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The entire 1H NMR spectrum (bottom center) of the adductor muscle block of the oyster. The various portions of the spectrum are displayed (a–g), each scaled to the largest peak in that portion. The peak at 0 ppm is the external standard TSP (trimethylsilyl propionate) and pD = 7.0 (pH = 7.04) (see Experimental Section). *—13C labeled acetate (f) was added as a reference for the 13C spectroscopy (not shown).
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f2-marinedrugs-08-02578: The entire 1H NMR spectrum (bottom center) of the adductor muscle block of the oyster. The various portions of the spectrum are displayed (a–g), each scaled to the largest peak in that portion. The peak at 0 ppm is the external standard TSP (trimethylsilyl propionate) and pD = 7.0 (pH = 7.04) (see Experimental Section). *—13C labeled acetate (f) was added as a reference for the 13C spectroscopy (not shown).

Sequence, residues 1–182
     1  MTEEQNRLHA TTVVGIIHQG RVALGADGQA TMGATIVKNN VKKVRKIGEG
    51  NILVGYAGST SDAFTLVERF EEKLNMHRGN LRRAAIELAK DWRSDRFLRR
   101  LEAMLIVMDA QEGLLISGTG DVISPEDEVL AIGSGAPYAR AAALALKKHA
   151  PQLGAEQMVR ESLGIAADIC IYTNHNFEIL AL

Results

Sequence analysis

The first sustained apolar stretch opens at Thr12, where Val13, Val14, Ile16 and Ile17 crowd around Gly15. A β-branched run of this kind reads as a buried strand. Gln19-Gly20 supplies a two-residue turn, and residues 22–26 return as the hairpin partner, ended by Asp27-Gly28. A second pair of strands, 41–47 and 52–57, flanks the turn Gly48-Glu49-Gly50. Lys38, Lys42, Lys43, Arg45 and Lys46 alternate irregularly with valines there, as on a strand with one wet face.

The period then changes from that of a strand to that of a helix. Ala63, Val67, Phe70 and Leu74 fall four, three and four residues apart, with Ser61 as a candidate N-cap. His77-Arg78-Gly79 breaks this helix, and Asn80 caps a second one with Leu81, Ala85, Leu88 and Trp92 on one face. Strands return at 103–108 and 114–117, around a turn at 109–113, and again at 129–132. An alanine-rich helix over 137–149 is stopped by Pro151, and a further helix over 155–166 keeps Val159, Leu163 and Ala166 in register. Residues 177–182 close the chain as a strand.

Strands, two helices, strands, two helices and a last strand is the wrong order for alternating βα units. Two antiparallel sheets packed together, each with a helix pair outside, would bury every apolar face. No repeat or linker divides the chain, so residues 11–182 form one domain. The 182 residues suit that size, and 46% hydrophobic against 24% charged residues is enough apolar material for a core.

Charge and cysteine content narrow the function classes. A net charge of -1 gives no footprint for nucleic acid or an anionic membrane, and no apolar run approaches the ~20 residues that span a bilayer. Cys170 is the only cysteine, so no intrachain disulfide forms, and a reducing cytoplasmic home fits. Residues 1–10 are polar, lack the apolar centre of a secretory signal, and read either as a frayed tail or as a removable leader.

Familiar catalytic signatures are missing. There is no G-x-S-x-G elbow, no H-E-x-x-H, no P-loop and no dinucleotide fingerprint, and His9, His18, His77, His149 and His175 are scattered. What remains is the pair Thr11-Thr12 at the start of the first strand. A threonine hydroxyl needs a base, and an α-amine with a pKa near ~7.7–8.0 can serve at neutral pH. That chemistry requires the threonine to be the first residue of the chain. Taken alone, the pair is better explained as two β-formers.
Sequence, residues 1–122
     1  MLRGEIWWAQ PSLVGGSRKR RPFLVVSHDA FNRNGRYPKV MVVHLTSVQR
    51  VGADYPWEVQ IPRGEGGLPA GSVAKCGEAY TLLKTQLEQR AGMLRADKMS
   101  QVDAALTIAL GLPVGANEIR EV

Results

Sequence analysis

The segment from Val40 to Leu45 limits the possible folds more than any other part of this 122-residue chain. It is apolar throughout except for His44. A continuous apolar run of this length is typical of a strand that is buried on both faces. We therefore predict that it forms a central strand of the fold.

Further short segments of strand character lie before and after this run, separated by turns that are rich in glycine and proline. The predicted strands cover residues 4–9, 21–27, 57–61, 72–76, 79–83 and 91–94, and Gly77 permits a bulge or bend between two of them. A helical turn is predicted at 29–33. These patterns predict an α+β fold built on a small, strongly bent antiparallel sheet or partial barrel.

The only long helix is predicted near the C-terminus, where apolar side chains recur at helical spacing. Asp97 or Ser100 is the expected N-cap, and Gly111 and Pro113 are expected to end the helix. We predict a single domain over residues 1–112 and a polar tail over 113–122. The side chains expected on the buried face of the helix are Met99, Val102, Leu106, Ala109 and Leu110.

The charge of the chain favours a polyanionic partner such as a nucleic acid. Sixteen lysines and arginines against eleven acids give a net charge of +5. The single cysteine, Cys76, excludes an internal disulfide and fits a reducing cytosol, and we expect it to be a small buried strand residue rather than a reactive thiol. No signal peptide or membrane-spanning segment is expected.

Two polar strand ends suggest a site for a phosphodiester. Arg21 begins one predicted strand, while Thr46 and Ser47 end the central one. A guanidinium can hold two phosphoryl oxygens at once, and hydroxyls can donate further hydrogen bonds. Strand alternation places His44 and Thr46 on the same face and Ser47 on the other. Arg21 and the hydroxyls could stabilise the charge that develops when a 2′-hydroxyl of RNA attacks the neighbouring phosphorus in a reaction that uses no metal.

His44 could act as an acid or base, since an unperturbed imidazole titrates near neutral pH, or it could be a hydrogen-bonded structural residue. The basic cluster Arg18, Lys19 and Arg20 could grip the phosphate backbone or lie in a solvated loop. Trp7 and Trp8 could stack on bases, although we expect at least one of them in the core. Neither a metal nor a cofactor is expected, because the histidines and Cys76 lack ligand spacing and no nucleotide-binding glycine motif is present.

Mentions: Figure 2 shows several expanded regions of the 1H spectrum of the oyster muscle block and vertical scales of each spectral region were increased for better definition of smaller peaks. 1H NMR spectra of the organ block extracts were comprised of over a hundred peaks (Figure 2), corresponding to low molecular weight acid-soluble endogenous metabolites. Thirty-seven of the most abundant are listed in Table 1. Although several metabolite classes were observed, the spectra were dominated by the amino acids and its organic acid derivatives, all of which are known to serve as osmolytes [10,11,20,21], including: betaine [3.25 (s) and 3.89 (s) ppm], taurine [3.25 (s) and 3.41 (t) ppm] and glycine [3.54 (s) ppm] (s: singlet, t: triplet, Figure 2). Two other osmolytes of lower peak areas and presumably lower concentrations are homarine [4.35 (s), 7.95 (dd), 8.02 (d), 8.53 (dd), 8.71 (d) ppm, d: doublet, dd: double doublet, m: multiplet] and proline [1.99 (m), 2.06 (m), 2.34 (m), 3.33 (dt), 3.41 (dt), and 4.12 (dd) ppm, dt: double triplet]. The relative abundance of the various osmolytes relative to all other small molecules is rapidly approximated by comparison of peak heights in the 1H NMR spectrum (Figure 2), using the innate quantitative nature of NMR spectroscopy. Clearly, a major portion of the Eastern oyster’s energy is devoted to dealing with its saline environment, and maintaining normal intracellular and blood volumes using molecules that can double as carbon sources for intermediary metabolism, and/or are involved in multiple biochemical functions. For example, in addition to glycine and proline, all amino acids act as osmolytes [9–11,20,22–24].